Charlotte Vere is the founder of Women On, a new think tank for women.
Whilst it is a relief that the government has woken up to women, I can’t help feeling that some of the focus is just a tad elitist and won’t make a jot of different to the millions of women striving day-to-day at home and in the workplace.
Today’s focus is women on boards. More specifically, women on FTSE 100 boards or, at a push, on FTSE 350 boards. Assuming that each FTSE 100 company has on average 12 directors, we are focusing on who does or does not fill 1,200 very highly paid jobs available only to people of extraordinary talent. An elitist competition indeed.
But let’s play the game for a while, and join in this concern for the elite. Does the gender make-up of boards really matter?
There is a train of thought that women should be on boards because it is "important". No more explanation than that. This has inevitable underlying currents of tokenism and overt positive discrimination more likely to perpetuate gender divisions rather than heal any rifts.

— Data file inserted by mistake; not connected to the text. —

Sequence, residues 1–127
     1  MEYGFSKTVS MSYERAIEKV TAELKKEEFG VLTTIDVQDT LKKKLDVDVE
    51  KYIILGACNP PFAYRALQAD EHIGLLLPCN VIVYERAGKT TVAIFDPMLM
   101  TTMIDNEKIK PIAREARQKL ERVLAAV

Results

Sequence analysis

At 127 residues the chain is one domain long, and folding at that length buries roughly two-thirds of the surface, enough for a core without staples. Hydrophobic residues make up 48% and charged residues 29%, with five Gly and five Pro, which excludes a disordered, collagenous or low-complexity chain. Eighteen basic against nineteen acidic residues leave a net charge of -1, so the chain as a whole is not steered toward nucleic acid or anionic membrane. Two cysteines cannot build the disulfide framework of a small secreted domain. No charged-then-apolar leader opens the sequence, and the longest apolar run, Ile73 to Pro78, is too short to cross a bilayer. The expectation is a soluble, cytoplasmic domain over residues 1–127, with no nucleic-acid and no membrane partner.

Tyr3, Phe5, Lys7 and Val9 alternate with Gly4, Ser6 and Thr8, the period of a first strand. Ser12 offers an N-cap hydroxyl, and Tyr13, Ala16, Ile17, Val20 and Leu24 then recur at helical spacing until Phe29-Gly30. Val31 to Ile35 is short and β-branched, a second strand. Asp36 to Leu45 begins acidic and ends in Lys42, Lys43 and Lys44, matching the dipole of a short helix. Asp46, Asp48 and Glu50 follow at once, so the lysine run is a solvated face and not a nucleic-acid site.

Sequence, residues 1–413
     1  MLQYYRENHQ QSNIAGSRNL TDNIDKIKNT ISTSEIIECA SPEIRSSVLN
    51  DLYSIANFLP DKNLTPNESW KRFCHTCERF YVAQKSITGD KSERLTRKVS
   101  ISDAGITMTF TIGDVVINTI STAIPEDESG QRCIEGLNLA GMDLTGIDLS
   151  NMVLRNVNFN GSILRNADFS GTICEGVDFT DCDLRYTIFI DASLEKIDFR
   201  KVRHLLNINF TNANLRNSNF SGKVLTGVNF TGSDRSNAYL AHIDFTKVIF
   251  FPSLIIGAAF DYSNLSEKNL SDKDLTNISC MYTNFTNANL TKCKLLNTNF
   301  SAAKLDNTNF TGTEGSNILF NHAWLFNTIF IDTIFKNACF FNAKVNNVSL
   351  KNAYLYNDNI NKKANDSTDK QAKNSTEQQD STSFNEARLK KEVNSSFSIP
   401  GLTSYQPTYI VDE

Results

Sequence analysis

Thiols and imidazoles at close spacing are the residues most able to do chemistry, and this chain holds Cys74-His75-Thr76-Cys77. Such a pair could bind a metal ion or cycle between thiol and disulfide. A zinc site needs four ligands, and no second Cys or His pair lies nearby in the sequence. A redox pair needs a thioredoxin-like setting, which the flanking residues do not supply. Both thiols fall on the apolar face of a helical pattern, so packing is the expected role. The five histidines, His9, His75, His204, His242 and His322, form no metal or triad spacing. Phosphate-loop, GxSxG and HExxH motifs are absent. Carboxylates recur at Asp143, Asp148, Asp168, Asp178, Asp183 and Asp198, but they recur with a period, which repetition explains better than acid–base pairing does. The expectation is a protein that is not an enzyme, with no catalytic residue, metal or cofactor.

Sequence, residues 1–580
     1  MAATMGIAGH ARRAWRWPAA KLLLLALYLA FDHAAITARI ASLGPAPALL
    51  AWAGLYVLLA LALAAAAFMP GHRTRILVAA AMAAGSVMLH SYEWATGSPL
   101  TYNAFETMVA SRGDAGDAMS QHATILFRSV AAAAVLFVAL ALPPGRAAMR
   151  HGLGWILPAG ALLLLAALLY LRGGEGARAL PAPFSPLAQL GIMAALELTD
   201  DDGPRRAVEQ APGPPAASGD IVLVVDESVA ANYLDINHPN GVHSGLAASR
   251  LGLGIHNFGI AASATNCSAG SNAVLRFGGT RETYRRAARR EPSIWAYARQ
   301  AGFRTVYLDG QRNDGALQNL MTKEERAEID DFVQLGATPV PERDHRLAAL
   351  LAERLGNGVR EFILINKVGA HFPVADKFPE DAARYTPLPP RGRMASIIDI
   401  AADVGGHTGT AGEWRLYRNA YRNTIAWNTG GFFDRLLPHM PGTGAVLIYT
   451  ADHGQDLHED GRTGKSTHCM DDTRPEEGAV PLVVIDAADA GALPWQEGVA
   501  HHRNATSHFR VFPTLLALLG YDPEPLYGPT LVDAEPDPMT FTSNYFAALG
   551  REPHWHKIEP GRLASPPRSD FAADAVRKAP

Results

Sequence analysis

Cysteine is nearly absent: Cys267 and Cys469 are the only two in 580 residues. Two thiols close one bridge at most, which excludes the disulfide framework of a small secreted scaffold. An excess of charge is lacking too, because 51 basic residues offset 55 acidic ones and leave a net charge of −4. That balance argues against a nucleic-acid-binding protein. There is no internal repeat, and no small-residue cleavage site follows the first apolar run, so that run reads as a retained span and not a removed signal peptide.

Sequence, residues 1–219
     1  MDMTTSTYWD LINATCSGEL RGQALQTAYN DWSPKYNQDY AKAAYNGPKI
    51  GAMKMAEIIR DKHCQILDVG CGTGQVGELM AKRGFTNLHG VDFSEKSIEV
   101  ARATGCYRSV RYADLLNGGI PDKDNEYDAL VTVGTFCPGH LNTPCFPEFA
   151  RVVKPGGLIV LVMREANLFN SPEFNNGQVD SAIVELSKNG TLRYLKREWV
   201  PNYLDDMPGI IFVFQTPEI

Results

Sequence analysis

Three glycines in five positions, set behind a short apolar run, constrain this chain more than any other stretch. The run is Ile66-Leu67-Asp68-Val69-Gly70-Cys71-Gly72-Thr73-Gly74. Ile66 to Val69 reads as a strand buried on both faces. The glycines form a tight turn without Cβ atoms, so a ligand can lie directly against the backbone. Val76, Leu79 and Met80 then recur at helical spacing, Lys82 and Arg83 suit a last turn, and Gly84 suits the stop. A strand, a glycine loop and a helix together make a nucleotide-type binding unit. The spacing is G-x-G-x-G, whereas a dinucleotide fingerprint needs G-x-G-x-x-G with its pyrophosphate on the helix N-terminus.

Others assume that women on boards are role models and that there is some trickle-down effect to their appointment. However, in most companies, particularly those such as FTSE 100 organisations that employ thousands, employees know their colleagues and their boss, and maybe the boss above that. For most workers the board is a remote and inaccessible group of untouchables, likely to be more remote for women, who at the moment are disproportionately pooled at the lower end of the food chain.
And lastly there is the claim that boards with women on them make better decisions – meaning more job creation and increased profitability. If this is the case, and there is increasing evidence to suggest that it is, then this is the message that should be shouted from the rooftops, the reason for the letters from the Prime Minister to FTSE 350 bosses, the rationale for the diversity policy statements now required by the FRC and the backbone for the new voluntary code adopted by executive search firms.
It isn’t enough to say we need more women on boards, we need to know why. And it isn’t enough to demand that female versions of these extraordinary individuals are produced out of nowhere, we need to talk about how we get there. But that’s for another day.